Here in Yorkshire, we are well into the ‘condensation season’. That period from around late September to March, where the majority of clients asking for ‘damp’ inspections are really plagued by mould growth, caused by condensation.
Of course, excessive condensation is a growing problem, especially now that the government has decided that heat loss is more damaging to us, than the consequences of breathing and re-breathing stale and humid air. Which is something we never evolved to do. Anyway, I digress.
One growing weapon against condensation problems is the Positive Input Ventilator (PIV). PIV’s work on the basis of drawing in air from outside a property, filtering it and introducing the air into the house. This has the effect of diluting the moist air inside the property and encouraging the house to ‘bleed’ this moist air, via gaps under doors, air vents and such.
In practice, I can vouch for the success of the approach, particularly in ‘problem’ properties, which haven’t responded to normal measures; fans in the bathroom/kitchen, advice to tenants about drying clothes and such. Examples include student lets, where half a dozen girls, sharing a terrace house, seem to make as much dew, as a hectare of Amazonian rainforest. It’s all that hair washing malarkey….. I’ve used these units in Leeds, York, sheffield and Wakefield and they’ve always worked.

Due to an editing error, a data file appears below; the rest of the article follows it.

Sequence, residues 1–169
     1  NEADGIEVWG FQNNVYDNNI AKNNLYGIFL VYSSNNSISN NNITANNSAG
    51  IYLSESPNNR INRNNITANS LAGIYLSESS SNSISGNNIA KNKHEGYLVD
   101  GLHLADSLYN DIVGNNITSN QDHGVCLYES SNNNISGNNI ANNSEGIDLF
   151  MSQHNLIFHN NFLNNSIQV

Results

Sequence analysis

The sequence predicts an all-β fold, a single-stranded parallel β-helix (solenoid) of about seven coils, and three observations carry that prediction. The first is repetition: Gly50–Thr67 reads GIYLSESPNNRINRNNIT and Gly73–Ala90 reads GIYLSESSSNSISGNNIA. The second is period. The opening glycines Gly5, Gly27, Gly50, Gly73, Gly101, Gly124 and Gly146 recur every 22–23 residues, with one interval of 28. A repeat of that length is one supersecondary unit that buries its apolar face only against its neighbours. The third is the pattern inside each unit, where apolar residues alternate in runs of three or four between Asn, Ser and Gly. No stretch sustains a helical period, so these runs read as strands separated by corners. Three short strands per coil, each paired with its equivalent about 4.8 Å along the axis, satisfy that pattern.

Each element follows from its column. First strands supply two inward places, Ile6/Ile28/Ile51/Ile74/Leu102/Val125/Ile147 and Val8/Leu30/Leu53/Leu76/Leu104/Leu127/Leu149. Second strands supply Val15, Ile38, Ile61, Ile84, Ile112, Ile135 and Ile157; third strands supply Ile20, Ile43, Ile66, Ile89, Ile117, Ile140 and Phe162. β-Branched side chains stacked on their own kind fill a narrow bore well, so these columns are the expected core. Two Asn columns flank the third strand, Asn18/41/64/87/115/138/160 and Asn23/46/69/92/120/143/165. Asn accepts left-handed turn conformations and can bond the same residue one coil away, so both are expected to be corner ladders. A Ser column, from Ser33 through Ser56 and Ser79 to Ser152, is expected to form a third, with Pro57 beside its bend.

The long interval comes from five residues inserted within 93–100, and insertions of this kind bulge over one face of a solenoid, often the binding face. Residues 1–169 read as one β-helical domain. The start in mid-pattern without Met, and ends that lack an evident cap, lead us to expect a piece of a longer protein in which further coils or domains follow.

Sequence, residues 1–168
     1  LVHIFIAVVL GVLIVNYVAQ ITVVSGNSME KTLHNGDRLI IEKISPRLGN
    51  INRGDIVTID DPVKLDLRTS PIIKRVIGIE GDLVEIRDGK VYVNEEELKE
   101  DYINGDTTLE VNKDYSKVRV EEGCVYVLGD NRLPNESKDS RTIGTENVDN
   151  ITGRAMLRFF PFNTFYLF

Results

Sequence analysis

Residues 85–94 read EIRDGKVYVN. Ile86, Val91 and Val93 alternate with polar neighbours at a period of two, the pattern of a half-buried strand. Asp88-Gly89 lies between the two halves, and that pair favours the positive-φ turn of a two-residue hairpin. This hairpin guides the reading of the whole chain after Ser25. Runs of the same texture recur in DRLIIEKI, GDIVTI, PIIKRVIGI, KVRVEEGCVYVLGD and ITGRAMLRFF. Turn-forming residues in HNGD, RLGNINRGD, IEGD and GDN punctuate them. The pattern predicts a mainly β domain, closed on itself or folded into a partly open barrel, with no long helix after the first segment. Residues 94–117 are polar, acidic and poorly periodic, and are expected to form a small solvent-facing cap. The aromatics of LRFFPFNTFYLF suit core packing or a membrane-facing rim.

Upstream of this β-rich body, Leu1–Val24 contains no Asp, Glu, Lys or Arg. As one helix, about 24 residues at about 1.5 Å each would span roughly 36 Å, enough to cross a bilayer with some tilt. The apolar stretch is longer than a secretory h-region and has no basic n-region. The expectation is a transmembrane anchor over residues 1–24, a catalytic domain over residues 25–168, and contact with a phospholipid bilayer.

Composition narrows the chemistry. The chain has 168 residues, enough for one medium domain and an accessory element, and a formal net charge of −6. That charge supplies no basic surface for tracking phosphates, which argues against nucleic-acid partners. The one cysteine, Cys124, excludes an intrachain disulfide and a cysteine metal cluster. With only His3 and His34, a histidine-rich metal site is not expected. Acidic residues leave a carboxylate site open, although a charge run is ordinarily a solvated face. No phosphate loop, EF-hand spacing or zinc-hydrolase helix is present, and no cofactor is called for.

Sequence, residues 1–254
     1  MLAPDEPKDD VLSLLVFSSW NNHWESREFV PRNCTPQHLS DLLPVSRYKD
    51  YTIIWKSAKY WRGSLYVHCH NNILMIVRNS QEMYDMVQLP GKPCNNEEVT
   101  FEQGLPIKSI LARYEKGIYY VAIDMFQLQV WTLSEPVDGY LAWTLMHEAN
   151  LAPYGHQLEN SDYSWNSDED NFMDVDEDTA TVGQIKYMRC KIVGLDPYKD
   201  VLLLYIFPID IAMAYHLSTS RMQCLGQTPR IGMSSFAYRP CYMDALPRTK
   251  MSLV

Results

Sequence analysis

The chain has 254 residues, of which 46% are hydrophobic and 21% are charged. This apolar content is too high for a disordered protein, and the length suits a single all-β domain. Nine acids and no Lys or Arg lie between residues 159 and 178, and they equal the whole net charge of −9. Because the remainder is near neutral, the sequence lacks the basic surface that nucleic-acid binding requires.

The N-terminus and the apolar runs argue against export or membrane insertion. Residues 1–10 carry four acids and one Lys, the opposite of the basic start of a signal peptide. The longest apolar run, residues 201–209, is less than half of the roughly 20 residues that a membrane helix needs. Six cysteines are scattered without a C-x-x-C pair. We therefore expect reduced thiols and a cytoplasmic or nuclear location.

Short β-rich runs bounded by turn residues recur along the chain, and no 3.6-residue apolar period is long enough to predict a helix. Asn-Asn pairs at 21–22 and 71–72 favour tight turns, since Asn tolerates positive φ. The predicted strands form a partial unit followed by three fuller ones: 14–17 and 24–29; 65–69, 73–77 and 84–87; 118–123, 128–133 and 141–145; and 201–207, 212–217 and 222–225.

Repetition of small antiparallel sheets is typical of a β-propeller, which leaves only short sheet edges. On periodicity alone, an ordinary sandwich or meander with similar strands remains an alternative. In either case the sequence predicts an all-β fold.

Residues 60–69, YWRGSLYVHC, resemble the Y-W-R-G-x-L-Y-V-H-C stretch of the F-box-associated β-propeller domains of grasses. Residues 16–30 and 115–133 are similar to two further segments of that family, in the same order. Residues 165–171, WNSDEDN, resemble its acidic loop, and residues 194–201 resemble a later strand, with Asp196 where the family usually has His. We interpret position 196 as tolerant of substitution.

However, anecdotal evidence is one thing – data is another.
So, next week we are scheduled to install a PIV in a bungalow in York, North Yorkshire. I’ve previously surveyed the house. I diagnosed condensation/mould growth, caused by excessive humidity, through poor ventilation and an unusual house layout, which compounds the problem. I gave advice at the time, but the landlord of the bungalow is impatient to see results; this winter. So on Tuesday we install the PIV. It is a basic model, going in the loft, with the ducted vent in the central lobby ceiling.
Keen to see data on how things change, I’ve installed two data loggers at the York address today. Hopefully we’ll have data: for a few days before the PIV installation; a week or so after installation and then; with the tenants cooperation, further data, which will monitor the effects of extra simple measures to increase the effectiveness of the system. I’ll be using a Psychrometric chart to calculate the vapour pressures inside and outside the house, for the whole experimental period and will publish the results here. There’ll be video footage and images of the data too, for those who are interested.
I’ll be back to the house in a week or so to collect the data and blog the results.
let’s see what happens….
PS – part 2 is ready here